Cheloctonus genus of scorpion is
found in the north-eastern part of South Africa.
genus burrows, almost vertically down, in the open in
fairly hard sand.
Cheloctonus looks very similar
to Opistacanthus and contains 5 species.
They grow to a maximum
- Males have a tooth on the bottom finger of
- Males are more slender than females.
KEEPING CHELOCTONUS IN CAPTIVITY
a) Cage setup
Cheloctonus would do great in a Tropical
Setup or a Simple Setup with a sandy substrate and a
piece of bark or a rock to hide under.
You can decide if you want simple fish tank sand and a few
pieces of bark or rocks to hide under OR if you have a tank that
is high enough, mix sand and water and let it go hard in the
sun. Using 3 fingers push down into the hardened soil
vertically, starting a burrow for the scorpion. You will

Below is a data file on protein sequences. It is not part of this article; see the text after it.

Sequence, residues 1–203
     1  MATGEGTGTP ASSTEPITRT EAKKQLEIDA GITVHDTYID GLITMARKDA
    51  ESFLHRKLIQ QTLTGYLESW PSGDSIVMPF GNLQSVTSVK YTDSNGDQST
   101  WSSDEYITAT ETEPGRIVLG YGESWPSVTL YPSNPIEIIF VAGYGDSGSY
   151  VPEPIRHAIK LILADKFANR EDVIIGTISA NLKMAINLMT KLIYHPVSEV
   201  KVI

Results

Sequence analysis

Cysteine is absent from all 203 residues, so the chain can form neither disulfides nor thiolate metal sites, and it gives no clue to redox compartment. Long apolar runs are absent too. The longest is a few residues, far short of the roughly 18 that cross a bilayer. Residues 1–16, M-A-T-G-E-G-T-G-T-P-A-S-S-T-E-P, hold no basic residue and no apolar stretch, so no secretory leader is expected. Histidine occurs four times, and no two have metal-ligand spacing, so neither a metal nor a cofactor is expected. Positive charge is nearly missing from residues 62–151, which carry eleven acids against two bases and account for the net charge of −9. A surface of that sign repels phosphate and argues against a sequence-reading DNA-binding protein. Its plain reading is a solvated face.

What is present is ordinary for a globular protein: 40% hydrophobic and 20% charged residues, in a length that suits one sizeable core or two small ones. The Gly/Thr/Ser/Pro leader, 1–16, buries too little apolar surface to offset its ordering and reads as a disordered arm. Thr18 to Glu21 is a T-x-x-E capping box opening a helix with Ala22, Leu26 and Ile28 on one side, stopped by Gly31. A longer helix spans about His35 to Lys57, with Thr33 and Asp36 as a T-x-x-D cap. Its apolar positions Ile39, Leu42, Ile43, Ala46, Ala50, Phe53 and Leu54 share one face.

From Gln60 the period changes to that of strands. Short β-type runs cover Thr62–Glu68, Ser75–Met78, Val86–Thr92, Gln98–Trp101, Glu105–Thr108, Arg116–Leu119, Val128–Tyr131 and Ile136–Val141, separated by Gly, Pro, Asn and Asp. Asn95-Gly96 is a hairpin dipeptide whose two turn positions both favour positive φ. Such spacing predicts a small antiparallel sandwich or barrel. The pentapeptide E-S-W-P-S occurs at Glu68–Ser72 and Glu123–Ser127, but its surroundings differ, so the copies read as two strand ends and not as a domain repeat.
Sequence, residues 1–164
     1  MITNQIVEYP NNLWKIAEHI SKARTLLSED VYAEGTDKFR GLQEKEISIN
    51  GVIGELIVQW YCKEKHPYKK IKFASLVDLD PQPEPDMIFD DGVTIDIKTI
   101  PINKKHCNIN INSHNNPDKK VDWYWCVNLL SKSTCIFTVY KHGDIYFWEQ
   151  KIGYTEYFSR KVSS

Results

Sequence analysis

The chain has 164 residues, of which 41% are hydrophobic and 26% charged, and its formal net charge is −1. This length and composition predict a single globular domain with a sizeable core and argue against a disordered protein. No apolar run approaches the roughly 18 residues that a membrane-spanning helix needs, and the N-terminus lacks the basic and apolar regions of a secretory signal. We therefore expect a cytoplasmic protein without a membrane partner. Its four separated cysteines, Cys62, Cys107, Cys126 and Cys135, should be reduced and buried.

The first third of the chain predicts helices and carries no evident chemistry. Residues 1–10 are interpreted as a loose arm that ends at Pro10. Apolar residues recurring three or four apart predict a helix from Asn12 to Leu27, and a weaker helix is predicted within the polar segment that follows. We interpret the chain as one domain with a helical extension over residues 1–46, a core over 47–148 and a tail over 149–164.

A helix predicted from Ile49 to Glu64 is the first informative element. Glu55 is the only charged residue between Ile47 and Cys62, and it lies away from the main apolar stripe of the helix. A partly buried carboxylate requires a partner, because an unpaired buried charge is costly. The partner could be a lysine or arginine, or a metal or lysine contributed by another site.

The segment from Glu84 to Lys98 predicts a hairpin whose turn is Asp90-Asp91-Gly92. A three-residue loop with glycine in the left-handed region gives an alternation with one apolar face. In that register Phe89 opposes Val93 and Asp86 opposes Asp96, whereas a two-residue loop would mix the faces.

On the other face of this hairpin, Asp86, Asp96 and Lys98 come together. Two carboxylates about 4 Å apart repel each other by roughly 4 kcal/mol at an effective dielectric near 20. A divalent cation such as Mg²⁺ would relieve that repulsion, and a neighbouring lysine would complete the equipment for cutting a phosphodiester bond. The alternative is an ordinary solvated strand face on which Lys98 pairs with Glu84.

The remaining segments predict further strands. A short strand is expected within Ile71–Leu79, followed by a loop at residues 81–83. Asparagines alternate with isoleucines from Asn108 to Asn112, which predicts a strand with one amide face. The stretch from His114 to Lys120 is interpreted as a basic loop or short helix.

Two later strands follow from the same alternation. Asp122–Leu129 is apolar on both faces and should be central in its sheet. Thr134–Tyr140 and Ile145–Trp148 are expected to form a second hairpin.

find that the scorpion often continues to excavate the burrow.
scorpions are used to open spaces, as long as some
form of cover exists.
High 20's - low
30's will suffice as a heat source (check the
maximum temperature the heat pad achieves first). If
it goes into high 30's then you might want to
control the temperature via a thermostat. I would
turn the heating on during the day and off at night.
You can decide whether you want to keep the heating
on permanently during winter or not.
e) Water source
For instar (baby)
Cheloctonus scorpions you can simply (using a fine
spray) spray water onto one side of the enclosure
once a week. For adult Cheloctonus scorpions you can
provide a small flat dish for water.
When it comes to feeding, I would say feeding once
every second week will suffice. Quantity will depend
on the size of the scorpion.
This is a very docile species and their
venom is mild causing slight pain if stung.
rather pinch than sting. The correct way to handle a
scorpion is ALWAYS use a long set of tweezers or
South Africa, it is illegal to capture and keep Cheloctonus species without a permit.